A 35-Year-Old Woman With Fatigue and Joint Pain

Zain Ul Abideen Asad, MD, MBBS

Disclosures

May 09, 2017

Typical age of onset of chronic fatigue syndrome is 29-35 years, and the usual trigger is a stressor; these can include infection, such as flulike illness or infectious mononucleosis; surgery; pregnancy; or psychological stress. However, the condition is largely multifactorial in origin.[4] Other uncommon symptoms include nausea, jaw pain, abdominal pain, alcohol intolerance, chest pain, shortness of breath, morning stiffness, irritability, anxiety, and weight loss.

The etiology of chronic fatigue syndrome is unknown, but many explanations have been speculated, including infectious, autonomic, immunologic, allergic, and psychiatric origins. Epstein-Barr virus was thought to be causal because symptoms overlap with those of infectious mononucleosis; however, further studies have proved otherwise.[5] Other viruses that have been implicated include cytomegalovirus, measles, human herpesvirus 6, human T-cell lymphotropic virus, and coxsackievirus. No conclusive data supports a causal relationship.

Inconsistent studies show increased lymphocyte markers, decreased natural killer cell activity, immune deregulation, and increased interferon activity, and a viral infection has been hypothesized as a trigger to a cascade of immune abnormalities that ultimately cause chronic fatigue. Because the syndrome is characterized by cognitive defects, some studies indicate that it might be mediated by the central nervous system. Cerebral white-matter lesions in frontal lobes have been identified using MRI and regional cerebral blood flow abnormalities as compared with controls.[6]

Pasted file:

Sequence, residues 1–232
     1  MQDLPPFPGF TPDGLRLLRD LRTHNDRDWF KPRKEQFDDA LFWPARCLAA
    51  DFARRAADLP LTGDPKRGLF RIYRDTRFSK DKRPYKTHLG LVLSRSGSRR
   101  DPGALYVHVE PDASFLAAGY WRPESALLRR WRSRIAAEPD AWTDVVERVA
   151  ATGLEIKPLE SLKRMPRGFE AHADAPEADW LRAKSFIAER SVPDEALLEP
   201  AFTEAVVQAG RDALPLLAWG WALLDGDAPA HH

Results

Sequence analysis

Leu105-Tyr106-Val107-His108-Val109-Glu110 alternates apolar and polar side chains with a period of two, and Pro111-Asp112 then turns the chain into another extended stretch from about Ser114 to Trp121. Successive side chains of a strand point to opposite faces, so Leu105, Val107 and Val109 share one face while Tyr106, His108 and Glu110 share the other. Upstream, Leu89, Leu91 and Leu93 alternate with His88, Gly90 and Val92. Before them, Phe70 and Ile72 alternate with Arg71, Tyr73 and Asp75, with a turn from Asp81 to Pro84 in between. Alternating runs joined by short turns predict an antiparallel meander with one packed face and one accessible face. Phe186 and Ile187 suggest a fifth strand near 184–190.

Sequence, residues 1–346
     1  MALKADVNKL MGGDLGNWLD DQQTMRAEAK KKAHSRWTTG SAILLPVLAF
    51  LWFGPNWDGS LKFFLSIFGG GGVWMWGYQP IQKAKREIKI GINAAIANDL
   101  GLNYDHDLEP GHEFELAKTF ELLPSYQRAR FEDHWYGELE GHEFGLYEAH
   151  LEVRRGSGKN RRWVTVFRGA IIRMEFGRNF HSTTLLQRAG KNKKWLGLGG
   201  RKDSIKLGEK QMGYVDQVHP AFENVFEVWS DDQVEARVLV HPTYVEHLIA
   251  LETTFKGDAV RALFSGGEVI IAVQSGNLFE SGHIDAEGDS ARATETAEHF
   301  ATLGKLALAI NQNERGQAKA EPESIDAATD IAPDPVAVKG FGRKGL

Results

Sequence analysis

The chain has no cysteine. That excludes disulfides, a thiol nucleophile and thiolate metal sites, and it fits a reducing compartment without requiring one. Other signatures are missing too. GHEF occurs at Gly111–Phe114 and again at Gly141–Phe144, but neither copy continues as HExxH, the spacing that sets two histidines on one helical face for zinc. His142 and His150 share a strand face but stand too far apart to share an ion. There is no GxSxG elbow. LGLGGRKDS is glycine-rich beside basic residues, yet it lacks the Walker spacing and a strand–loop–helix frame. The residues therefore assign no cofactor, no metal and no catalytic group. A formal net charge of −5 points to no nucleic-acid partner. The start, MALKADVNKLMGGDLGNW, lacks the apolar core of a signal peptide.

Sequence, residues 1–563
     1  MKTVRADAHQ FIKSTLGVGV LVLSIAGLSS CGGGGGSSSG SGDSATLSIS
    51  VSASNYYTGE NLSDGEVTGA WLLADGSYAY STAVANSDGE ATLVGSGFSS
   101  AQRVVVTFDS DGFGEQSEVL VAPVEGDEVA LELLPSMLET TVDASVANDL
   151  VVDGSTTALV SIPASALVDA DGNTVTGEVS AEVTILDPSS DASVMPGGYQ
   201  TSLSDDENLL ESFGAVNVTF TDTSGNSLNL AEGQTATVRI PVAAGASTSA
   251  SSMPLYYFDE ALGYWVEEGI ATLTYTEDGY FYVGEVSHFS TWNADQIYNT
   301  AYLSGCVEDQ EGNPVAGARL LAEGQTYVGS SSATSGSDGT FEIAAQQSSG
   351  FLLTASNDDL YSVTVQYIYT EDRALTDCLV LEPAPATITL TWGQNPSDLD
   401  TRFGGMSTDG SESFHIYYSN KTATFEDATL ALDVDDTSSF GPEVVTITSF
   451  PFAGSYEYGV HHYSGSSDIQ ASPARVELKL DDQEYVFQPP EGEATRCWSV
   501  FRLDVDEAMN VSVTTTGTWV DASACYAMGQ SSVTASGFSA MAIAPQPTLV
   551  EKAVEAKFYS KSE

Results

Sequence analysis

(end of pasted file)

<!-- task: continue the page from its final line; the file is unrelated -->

Because of a lack of objectivity in the diagnosis, many clinicians disregard chronic fatigue symptoms as a manifestation of clinical depression. Although depression does overlap, some symptoms not typical of depression are also present: for example, lymphadenopathy, sore throat, and postexertional malaise. In addition, anhedonia and guilt are not seen in patients with chronic fatigue syndrome and are commonly seen in depression.

Patients with chronic fatigue syndrome have a higher incidence of atopic disease, elevated levels of eosinophilic cationic proteins, and positive skin tests to allergens, which suggests a possible role of allergens in the pathogenesis.

Diagnostic testing includes a CBC; complete metabolic profile; blood glucose, ESR, and CRP measurement; and ANA titer to rule out common conditions, such as anemia, diabetes, kidney disease, and autoimmune disease. Because the main purpose of diagnostic testing is to rule out other causes of chronic fatigue syndrome, the work-up includes tests for endocrine disorders (hypothyroidism, adrenal insufficiency), rheumatologic disorders (systemic lupus erythematosus, rheumatoid arthritis, fibromyalgia), infectious causes (hepatitis, AIDS, tuberculosis) and cancer (lymphoma, leukemia).

Polysomnography for sleep disorders and tests for assessment of cognition should be considered. Decreased cortisol levels after exercise, erratic breathing pattern, measurement of maximal oxygen consumption in cardiopulmonary exercise testing, low natural killer cell counts, immunoglobulin deficiency, and elevated interferon alpha levels have been implicated in patients with chronic fatigue syndrome.

Possible complications of chronic fatigue syndrome include lifestyle restriction, limitation of physical activity, social isolation, poor job performance, anxiety, and depression.

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